AutoCAD is a widely used computer-aided design (CAD) software developed by Autodesk. It allows engineers, architects, designers, and drafters to create precise 2D and 3D models of objects, buildings, and mechanical components. AutoCAD offers a wide range of tools and features, such as drawing, editing, dimensioning, and rendering, to support various design and drafting tasks.

AutoCAD provides a user-friendly interface, making it accessible to both beginners and experienced users. It utilizes parametric modeling techniques, allowing designers to define relationships between objects and easily modify their designs by changing parameters.

With its versatility and extensive industry adoption, AutoCAD is employed in multiple fields, including architecture, engineering, manufacturing, and construction. It has become a standard software for creating accurate and detailed drawings, blueprints, and models, helping professionals bring their ideas to life in a digital format. Additionally, AutoCAD integrates with various complementary software and allows for easy collaboration, making it an indispensable tool in the design process for professionals worldwide.


When you first open up a new drawing in AutoCAD you are in what is called the MODEL space. The model space is where you actually draw your designs. It is a limitless area to draw in that does have an origin to help you describe the location in the model space of where your drawing is located. It doesn't matter though where you start your drawing and you can have multiple drawings all in the same model space. 

You can have multiple drawings in your model space and then to present them you will switch over to the paper space. The layout tabs are examples of paper space where you can scale your drawing in the model space to print out and present. This is where you would add a title block to give any pertinent information for someone looking at your drawing. The paper space can be thought of as a window looking at a specific area of your model space. 

Set Up

There are a few things that you want to make sure are set up in your drawing file before putting "pencil to paper".  Each drafter may have a preference or certain types of technical drawings will require different things. These are not things that you will have to change often, its more of a set it and forget it kind of thing, but you should know how to get to all of these and set them to what will work best for the drawing you are trying to complete.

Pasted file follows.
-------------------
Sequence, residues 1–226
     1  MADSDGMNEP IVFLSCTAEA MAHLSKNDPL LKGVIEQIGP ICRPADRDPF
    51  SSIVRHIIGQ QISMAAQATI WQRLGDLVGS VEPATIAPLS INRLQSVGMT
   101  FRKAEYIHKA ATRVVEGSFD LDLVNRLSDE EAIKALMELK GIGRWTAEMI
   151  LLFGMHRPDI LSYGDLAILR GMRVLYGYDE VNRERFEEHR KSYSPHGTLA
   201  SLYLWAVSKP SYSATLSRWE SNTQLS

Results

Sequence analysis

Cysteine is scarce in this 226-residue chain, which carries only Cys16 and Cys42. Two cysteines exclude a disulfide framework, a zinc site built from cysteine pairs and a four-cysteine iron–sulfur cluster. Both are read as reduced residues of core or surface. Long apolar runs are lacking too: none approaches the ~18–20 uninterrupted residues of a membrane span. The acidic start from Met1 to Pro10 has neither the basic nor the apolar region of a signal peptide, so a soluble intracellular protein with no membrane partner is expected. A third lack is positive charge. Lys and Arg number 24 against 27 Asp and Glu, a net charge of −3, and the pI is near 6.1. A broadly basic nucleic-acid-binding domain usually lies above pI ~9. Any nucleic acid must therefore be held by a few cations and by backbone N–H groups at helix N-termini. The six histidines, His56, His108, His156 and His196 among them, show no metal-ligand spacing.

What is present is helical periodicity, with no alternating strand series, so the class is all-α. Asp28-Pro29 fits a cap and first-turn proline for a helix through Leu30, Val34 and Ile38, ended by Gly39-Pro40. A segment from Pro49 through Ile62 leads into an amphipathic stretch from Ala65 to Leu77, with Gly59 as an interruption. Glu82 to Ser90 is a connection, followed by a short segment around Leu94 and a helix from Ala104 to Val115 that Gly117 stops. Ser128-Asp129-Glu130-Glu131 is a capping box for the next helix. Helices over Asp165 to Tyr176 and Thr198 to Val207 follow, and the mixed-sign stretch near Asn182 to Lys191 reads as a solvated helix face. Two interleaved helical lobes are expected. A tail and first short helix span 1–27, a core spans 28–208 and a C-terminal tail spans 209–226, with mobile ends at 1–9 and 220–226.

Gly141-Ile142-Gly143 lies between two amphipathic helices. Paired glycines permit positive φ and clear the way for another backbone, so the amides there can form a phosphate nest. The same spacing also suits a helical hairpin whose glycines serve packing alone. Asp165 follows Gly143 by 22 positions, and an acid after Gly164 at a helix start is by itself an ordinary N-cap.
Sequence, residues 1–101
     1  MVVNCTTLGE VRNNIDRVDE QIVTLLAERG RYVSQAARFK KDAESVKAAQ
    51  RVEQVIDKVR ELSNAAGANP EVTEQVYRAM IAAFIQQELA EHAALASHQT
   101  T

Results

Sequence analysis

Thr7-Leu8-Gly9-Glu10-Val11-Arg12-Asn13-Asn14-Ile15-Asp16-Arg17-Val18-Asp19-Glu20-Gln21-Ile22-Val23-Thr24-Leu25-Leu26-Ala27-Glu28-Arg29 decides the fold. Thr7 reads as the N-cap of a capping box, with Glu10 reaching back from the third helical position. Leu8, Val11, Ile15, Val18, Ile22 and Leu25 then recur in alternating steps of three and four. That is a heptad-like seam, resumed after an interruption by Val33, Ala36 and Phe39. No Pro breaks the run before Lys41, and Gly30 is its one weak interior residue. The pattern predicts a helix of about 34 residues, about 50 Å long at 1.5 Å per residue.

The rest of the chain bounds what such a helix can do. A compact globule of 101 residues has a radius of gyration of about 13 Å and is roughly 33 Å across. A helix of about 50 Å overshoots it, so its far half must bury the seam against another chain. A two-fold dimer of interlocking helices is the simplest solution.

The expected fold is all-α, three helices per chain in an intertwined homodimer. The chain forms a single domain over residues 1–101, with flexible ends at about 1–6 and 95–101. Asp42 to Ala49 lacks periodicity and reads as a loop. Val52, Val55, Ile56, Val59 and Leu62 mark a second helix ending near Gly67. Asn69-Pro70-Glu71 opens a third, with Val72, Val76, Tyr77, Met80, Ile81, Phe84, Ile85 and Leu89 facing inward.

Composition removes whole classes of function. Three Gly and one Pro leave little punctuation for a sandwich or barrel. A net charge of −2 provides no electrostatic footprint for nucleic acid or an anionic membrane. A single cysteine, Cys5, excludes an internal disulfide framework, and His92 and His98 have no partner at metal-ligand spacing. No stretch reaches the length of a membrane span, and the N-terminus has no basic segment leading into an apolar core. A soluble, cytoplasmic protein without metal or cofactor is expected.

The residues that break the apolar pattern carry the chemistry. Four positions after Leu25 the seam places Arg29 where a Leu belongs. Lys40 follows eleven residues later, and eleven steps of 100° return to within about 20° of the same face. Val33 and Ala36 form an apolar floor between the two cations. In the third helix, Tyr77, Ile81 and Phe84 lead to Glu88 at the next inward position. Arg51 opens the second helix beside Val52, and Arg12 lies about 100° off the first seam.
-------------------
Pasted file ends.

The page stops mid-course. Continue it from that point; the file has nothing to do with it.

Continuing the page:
Layer Properties

AutoCAD works with using layers to display line types. One clear advantage to using layers is that you can save each line type with its own settings and AutoCAD will display those lines the way you intend them too. You also can turn layers on and off by clicking on the light bulb icon so they are not always visible in your drawing to help make things clearer when you are working. 

Drafting Settings

When you type drafting settings into the command line a lot of options come up that you can adjust to your liking and what works best for what you are drawing. 


AutoCAD doesn't really care how you input the values for your drawing but for instance you can adjust whether you want to enter your values in a decimal format or if you were drawing an architectural drawing you can enter in feet and inches. You can always change format of how dimensions are displayed so do not be overly concerned with that just yet, and just draw your drawing to scale. When you place the drawing on a drawing sheet is when you worry about the scale presented on the sheet. 

So to adjust the input units [UNITS] of your model space just type units into the command line and change whatever setting you want to change for length and angle. The insertion scale is for inserting things like blocks and you should not worry about that just yet. 

The Toolbar

There are two main interfaces that you will be interacting with while using AutoCAD, the toolbar and the command line. I will focus on the home tab of the toolbar in this section and breakdown the toolbar functions the same way AutoCAD does. The sections are Draw, Modify, Annotation, Layers, Block, Properties, Groups, Utilities, Clipboard, and View. Depending on your monitor you may have a different amount of sections and buttons visible but everything will still be accessible, you just may have to click into an area to get to the function. 

Something to note is that everything that is accessible by clicking on a button in the toolbar is also accessible by typing in the hotkey in the command line, I will include all the hotkeys to the functions here as well. Remembering the hotkeys to you most used functions will speed of the process of creating a drawing and allow you to move around AutoCAD much faster. One more helpful thing is if you ever forget what a function does or how to use the function, click and hover your mouse over the button and a popup will come up with an animation on what the function is and how to use it. 

There are 7 buttons that are clickable in this section with another 13 in the drop down section for the Draw area on the toolbar. You will utilize these functions the most when drawing and are the basic tools required to complete a technical drawing. 


After you have drawn something using the functions under the draw tab there are quite a few things you can do Modify your drawing using these functions.